It might have been different if he had a record player at his disposal, but he didn't. The absence of any sustained contact with the gift licks of John Mayall and Yardbirds alumni make Randy a rare bird in the hard-rock jungle. "That must be a frustrating way to learn," he says in retrospect. "What are you gonna do if you learn a lick. How are you gonna use it in your own songs?" Randy Rhoads didn't drop by from another planet. The blues jams so common to all of us are also part of his history. The difference is, he didn't use Clapton and family as a reference. Instead, he says, "As a teenager I went back to taking guitar lessons and studied classical guitar."
As his playing progressed, Randy's Les Paul could be heard teaching in his mom's music store in Burbank, and on the local stages with his group, Quiet Riot. Randy's style emerged by combining these two parallel paths. As best evidenced by "Mr. Crowley" from the Blizzard Of Ozz collection. Randy's gifts include an awesome technique coupled with a composer's disciplined approach to soloing. He just may be the Allan Holdsworth of hard rock. Hammered notes pour from Randy's instrument, as he abandons the barrage of spitfire riffs embraced by most hard rockers. "Crowley" also displays his ability to construct a classically - influenced solo from long lines while maintaining a lava-like heat.
Incongruous as it may sound to fans of Beethoven and Brahms, the classical approach is a heavy metal tradition. From their earliest recordings jimmy Page, Jeff Beck, Leslie West and Ritchie Blackmore have all given more than a casual tip of the hat to western classical music. (Remember "Beck's Bolero"?) "There's an answer to that," explains Rhoads. "Most heavy metal is not very melodic in nature. It's often minor in tone so you can use a lot of minor thirds in your lead breaks. That automatically sounds classical. Leslie West was one of my favorites because he used classical ideas with feeling. He was melodic but mean. My solos are more like rolling scales than the call-and-response of blues riffs. Quiet Riot played songs with a lot of changes. I used to analyze the progression and look over my possibilities. If I didn't like what was available, I'd play as weird as possible."
His ability to focus, dissect and share information made Randy a popular and busy teacher. Through his students he was finally exposed to the classic electric guitarists of the sixties and seventies. "I learned more by teaching the guitar than by doing anything else. Students would come up with chord progressions and ask what kind of lead they could play over them. More often they wanted to learn note-for-note solos from their favorite players. That's when I started to learn other people's licks."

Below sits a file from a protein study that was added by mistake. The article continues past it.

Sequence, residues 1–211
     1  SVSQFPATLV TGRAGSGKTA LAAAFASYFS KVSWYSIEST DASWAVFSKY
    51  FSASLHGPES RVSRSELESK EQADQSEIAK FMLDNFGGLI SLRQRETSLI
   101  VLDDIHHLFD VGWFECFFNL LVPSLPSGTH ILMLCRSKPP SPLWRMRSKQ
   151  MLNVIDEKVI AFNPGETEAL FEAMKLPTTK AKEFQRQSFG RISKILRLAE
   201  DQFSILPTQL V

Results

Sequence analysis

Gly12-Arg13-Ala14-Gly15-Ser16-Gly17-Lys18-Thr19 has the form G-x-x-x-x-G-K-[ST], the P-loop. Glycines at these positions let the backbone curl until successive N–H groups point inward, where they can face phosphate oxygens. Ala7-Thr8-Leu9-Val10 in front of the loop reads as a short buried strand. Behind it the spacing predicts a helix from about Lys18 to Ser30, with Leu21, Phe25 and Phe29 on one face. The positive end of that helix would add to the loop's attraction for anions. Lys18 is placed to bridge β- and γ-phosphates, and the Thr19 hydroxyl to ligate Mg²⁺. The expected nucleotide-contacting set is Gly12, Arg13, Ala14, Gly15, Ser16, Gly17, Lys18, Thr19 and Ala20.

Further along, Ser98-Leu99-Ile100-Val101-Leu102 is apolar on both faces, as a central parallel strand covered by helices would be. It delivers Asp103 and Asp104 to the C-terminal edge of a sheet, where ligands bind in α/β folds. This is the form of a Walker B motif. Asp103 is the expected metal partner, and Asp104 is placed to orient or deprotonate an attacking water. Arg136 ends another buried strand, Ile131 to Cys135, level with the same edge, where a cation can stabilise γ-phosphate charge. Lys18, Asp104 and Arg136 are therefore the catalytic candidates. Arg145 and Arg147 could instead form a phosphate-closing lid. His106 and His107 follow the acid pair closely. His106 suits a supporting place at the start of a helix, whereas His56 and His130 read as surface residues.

On the technical side Randy had his students practice hammering up and down the neck, going through all the frets with four fingers, by hitting each string once. For the right hand he advised a lot of double-picking. "The main thing, though, myself is to take it as it comes. Don't try to do too much too soon. You've got to get to know your own style."
Randy feels uncomfortable with all the praise that's been coming his way. including my own. After sharing my astonishment that he didn't go through the imitation/innovation stage common to most players, he responds unpretentiously. "I wish I could agree with you," he says. "Everything happens so fast that I haven't had enough time to think about what I want to do. I have my own personality on guitar but as of yet I don't think I have my own style. For instance, I do a solo guitar thing in concert, and I do a lot of the same licks as Eddie Van Halen. Eddie is a great player, but it kills me that I do that. For me it's just flash that impresses the kids. I'm trying to make a name for myself as fast as I can. I wish I could take time and come up with something that nobody else has done. But that's gonna take a few years yet."